Genuine Terracotta Oil Paint

Terracotta Oil Paint 5

Here’s some oil paint that I made from a shard of a broken terracotta pot. Some paint brands like to sell a paint called terracotta, but here I now have the real thing. Genuine broken pot paint. 🙂

I photographed all of this in the afternoon sun. The tints are with titanium white, but I didn’t try too hard to make it exactly even ratios this time. The other two paints in the photo are just there for comparison.

It actually does make sense to do this when you consider what natural red ochres and synthetic mars reds are made of. Basically, red ochre is primarily colored by iron oxides and, depending on the source, also contains large amounts of things like clay, quartz, gypsum, etc. Mars red is made through chemical reactions using ingredients like powdered iron and is baked at high temperatures. A mars red is very similar to a natural red earth but without the mineral impurities. To make a terracotta pot (or red bricks) that mars red is then mixed with things like clay. So, as I’m understanding it, a powdered terracotta pot really isn’t much different from a natural red ochre.

All I used was this one small shard of the pot. Before now I had actually been putting the pieces into the bottoms of other pots to improve the drainage. To grind it into powder I switched back to my old granite mortar and pestle. It actually broke down a lot easier than I expected, and I only ended up using a about a third of the powder.

To make it into paint I mulled the powder with a mix of linseed and poppyseed oils. Of all the drying oils used to make oil paint for artists, linseed oil has the highest percent of linolenic acid. It dries the fastest and makes the strongest paint film, but it also yellows the most over time. Poppyseed oil has little if any linolenic acid, but one of the highest percentages of linoleic acid. It’s one of the slowest to dry and doesn’t make as strong of a film, but has a lighter color to begin with and is supposed to not yellow nearly as much. That’s why some brands specifically use it for very light colors such as white, where even a small amount of yellowing would be noticeable. The mix of the two oils should produce a paint with a stronger film than just poppyseed and that doesn’t yellow as much as linseed with a drying time between the two. Some brands of paint do also mix oils for reasons like that. Mostly though I did the mix because I’m running low on linseed oil but I have plenty of poppyseed. 🙂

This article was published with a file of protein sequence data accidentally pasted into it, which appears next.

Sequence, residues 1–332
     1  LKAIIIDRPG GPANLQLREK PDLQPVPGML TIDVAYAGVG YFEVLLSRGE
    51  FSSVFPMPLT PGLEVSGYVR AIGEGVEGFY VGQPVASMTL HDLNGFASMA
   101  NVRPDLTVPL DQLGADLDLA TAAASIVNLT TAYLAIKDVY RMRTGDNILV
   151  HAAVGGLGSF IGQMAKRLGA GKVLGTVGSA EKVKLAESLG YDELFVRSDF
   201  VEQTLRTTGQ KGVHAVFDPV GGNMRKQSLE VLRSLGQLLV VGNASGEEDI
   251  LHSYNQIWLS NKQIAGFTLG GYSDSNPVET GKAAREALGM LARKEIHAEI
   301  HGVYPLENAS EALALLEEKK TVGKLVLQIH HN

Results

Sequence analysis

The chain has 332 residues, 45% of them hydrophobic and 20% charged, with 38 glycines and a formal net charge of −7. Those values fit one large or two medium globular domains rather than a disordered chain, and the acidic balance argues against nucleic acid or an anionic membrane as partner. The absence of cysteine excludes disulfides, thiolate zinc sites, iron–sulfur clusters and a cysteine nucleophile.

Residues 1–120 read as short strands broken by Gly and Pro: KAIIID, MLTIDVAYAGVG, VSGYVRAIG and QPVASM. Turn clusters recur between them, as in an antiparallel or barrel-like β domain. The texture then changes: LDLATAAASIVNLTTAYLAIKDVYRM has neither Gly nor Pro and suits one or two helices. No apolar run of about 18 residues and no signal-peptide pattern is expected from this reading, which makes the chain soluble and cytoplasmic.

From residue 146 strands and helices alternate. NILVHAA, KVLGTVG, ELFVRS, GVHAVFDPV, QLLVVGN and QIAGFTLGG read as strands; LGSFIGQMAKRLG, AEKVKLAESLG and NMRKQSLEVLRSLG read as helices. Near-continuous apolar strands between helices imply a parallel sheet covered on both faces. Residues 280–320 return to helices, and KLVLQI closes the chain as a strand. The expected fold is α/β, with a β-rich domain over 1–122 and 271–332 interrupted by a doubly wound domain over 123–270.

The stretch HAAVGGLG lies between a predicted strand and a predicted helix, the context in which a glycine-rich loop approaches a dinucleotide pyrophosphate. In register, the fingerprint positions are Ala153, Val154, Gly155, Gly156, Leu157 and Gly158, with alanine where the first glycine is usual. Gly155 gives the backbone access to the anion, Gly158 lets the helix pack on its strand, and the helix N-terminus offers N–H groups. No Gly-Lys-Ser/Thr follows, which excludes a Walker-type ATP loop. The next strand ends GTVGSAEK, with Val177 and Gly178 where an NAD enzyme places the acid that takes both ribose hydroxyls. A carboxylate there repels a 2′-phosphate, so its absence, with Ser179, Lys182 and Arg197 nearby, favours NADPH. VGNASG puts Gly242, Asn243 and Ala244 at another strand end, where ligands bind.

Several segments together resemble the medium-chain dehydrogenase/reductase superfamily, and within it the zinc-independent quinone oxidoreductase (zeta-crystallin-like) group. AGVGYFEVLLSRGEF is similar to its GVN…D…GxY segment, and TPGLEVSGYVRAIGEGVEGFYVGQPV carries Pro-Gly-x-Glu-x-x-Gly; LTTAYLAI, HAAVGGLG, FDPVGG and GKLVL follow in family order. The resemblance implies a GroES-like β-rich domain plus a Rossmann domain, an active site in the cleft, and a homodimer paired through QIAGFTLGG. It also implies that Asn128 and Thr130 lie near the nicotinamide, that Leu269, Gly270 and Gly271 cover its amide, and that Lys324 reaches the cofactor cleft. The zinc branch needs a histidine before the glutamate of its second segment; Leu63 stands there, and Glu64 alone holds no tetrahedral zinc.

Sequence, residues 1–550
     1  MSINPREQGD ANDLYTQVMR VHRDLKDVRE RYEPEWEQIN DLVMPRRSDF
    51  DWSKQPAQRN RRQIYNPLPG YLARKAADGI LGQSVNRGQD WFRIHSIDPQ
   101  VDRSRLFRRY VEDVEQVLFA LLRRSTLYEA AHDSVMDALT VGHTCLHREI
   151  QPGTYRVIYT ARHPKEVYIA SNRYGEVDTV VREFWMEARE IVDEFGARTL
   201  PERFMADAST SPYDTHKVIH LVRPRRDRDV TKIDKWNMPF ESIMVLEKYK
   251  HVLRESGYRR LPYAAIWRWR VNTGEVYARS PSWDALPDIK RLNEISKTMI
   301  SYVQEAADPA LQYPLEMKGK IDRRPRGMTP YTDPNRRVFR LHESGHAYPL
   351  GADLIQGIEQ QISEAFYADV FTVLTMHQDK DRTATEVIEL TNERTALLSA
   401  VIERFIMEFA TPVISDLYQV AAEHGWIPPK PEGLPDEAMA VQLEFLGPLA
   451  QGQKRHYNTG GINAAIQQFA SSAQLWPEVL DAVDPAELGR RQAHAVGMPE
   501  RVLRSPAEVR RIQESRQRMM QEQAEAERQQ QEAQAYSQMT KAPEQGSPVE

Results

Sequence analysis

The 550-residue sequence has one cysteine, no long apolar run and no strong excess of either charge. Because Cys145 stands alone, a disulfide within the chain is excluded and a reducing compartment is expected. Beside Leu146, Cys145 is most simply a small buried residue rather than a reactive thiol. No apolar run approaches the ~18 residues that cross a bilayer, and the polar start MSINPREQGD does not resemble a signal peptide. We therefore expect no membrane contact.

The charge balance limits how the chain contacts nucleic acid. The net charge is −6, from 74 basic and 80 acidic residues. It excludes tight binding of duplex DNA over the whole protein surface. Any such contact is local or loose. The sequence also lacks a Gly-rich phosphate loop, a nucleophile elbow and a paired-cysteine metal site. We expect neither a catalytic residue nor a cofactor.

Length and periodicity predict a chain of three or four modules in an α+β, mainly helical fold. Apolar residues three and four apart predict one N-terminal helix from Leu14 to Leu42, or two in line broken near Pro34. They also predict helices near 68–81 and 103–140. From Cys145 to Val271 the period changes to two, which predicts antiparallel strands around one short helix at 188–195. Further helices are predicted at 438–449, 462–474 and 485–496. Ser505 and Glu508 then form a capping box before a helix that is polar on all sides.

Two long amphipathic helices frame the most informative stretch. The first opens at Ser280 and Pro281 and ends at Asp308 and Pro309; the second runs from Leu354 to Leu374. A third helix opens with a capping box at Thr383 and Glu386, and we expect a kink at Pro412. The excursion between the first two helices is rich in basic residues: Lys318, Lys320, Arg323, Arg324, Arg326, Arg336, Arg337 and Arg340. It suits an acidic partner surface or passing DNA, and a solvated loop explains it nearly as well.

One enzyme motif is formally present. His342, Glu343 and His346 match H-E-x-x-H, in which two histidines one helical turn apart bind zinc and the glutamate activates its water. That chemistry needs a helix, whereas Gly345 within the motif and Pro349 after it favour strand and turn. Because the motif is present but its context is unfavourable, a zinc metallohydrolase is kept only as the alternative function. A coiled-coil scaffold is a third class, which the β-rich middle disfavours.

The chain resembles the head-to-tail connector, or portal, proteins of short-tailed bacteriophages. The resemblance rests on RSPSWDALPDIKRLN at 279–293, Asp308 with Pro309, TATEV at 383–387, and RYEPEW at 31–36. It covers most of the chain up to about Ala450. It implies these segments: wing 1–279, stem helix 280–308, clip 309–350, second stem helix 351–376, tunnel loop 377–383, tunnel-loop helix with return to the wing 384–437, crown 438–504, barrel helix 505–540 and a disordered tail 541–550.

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5 thoughts on “Genuine Terracotta Oil Paint

  1. Thanks so much for this post on making your own paint. I is nicely written and most informative.
    I admire Artists who either find or make their own materials. Very well done! OK next we move on to Cobalt Blue, you’re going to need a shovel and miner’s lamp! 😉

  2. Very admirable and I can certainly see the difference. I get so frustrated not always having the colors on hand I want and need – but I am amazed at what I can mix up. This is the ultimate mixing!

    1. There’s apparently a lot of rocks that can potentially be used, even if they’re not the obvious ochres. Before this I was grinding some random dark colored rock that turned out as an odd greyish brown, but I’ve been wanting to do this with the pot shard for a long time so I skipped to the terracotta instead of making proper paint with the first one.

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